Monday, May 20, 2024

Review: “The Gray Man” is Interminable and Inexcusable, A Bloated Bug of a Movie


I was an hour into “The Gray Man” on Netflix and realized I couldn’t leave, I was in my own home. I could not walk out of the theater in disgust. So I stayed.

Anthony and Joe Russo and their screenwriters are responsible for a bunch of high budget big hit Marvel movies. In those outings you don’t really mind if things don’t make sense. That’s part of the charm because, in the end, you’re looking for pre-established characters, the super heroes, to carry you to the end.

There’s nothing wrong with the central trio of “The Gray Man.” Ryan Gosling, Ana de Armas, and Chris Evans are charming and likeable. We are happy to see Alfre Woodward and Billy Bob Thornton. But where can we go from there?

“The Gray Man” is bloated like a water bug. It’s interminable and inexcusable. The official budget is $200 million, a record for Netflix, but you can tell it’s more. The whole movie is more and more and more: more explosions, more fireworks, more shooting, more bullets. The Russo’s didn’t care how preposterous this became. I think they got lost in their own mythology.

It’s a simple story: Gosling’s Six is a criminal freed from jail by the CIA to become a hit man. His first hit is another CIA agent in their unique squad. That man, Four, tells him everyone is corrupt and gives him secret files on USB plug ins. (These USB sticks have become the microfilm of modern spy movies.)

Six kills his prey, realizes he’s been set up, and is on the run. Ana de Armas is a beautiful spy pal named Dani who’s sympathetic to him as they are hunted by an evil rogue named Lloyd — Chris Evans — working for the CIA. He’s out to kill Six and grab back the files even if it means blowing up all of Europe. No amount of money will be spared.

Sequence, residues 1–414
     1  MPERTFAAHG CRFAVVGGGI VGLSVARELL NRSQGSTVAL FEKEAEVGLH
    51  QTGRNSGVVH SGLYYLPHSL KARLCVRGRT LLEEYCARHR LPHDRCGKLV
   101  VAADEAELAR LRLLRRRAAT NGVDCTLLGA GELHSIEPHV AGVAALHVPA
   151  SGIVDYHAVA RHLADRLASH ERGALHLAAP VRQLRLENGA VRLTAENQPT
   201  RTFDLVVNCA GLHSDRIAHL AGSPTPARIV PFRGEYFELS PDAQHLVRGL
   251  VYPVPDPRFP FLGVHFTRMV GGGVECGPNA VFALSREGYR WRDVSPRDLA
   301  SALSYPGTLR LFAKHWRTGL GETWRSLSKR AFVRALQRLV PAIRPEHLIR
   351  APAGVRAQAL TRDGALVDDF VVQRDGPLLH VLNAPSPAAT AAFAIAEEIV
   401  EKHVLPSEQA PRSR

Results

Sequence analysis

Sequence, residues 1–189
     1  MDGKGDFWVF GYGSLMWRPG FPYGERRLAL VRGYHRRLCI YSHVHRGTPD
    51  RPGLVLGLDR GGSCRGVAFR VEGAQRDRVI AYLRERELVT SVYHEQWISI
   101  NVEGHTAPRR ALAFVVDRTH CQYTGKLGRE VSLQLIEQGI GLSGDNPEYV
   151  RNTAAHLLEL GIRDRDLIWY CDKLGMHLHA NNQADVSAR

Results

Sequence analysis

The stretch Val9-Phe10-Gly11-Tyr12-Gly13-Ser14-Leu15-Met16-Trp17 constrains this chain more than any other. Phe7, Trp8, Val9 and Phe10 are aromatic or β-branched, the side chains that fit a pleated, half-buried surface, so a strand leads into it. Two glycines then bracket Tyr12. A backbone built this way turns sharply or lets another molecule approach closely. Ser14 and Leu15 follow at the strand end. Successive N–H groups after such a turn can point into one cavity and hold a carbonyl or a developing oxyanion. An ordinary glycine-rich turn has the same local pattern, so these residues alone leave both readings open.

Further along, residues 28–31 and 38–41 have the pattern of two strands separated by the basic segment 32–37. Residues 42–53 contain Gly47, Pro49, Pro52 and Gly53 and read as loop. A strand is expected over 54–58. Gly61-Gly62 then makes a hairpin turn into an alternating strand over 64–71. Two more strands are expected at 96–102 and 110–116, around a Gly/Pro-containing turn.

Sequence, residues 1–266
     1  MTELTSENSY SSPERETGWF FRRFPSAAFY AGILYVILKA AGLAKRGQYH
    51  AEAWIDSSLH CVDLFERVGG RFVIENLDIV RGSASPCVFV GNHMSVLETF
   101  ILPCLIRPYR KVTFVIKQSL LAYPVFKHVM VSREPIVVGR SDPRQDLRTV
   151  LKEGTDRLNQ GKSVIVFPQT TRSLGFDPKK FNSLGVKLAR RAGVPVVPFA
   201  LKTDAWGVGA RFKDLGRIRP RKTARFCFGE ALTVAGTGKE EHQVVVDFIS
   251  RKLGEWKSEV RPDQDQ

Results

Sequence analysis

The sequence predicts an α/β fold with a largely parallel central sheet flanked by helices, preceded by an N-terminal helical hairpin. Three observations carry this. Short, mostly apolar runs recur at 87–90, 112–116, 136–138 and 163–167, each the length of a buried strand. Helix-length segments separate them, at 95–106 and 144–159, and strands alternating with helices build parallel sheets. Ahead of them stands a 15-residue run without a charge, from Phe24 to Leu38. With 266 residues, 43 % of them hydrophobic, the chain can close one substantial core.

And none was, obviously. The locations, effects, lighting, all of it is off the charts excessive. It takes the place of story, character development, and dialogue. The latter, by the way, feels like it was written by or for 13 year olds. It’s coarse, vulgar, and stupid. It’s glib for no reason. The Russo’s couldn’t figure out if this was a comic book movie like “Deadpool” or a serious spy movie. They try for the jocularity of a James Bond film and miss by miles.

As with most spectacular failures, “The Gray Man” is a sad case of what could have been. Gosling is a movie star and a very good actor, he deserved better. You can see him trying to sell very shabby goods as something smarter. Armas doesn’t get to show off her skills from “Knives Out.” Evans is adrift trying to make sense of Lloyd’s mustache twirling. I’d say they all chew the scenery, but there’s not much to sink their teeth into storywise. Then “The Gray Man” just becomes a movie about running, driving, and ducking.

There was some talk that this was the beginning of a franchise. If “The Gray Man” really played in theaters it would be a huge flop and no one would suggest such a thing. Because it’s on Netflix, where success isn’t measured in public, it’s possible more of this will be ordered. Please, no. Stop, now. Let the Russos get back to comic books and these actors return to films.

Roger Friedman
Roger Friedman
Roger Friedman began his Showbiz411 column in April 2009 after 10 years with Fox News, where he created the Fox411 column. His movie reviews are carried by Rotten Tomatoes, and he is a member of both the movie and TV branches of the Critics Choice Awards. His articles have appeared in dozens of publications over the years including New York Magazine, where he wrote the Intelligencer column in the mid 90s and covered the OJ Simpson trial, and Fox News (when it wasn't so crazy) where he covered Michael Jackson. He is also the writer and co-producer of "Only the Strong Survive," a selection of the Cannes, Sundance, and Telluride Film festivals, directed by DA Pennebaker and Chris Hegedus.

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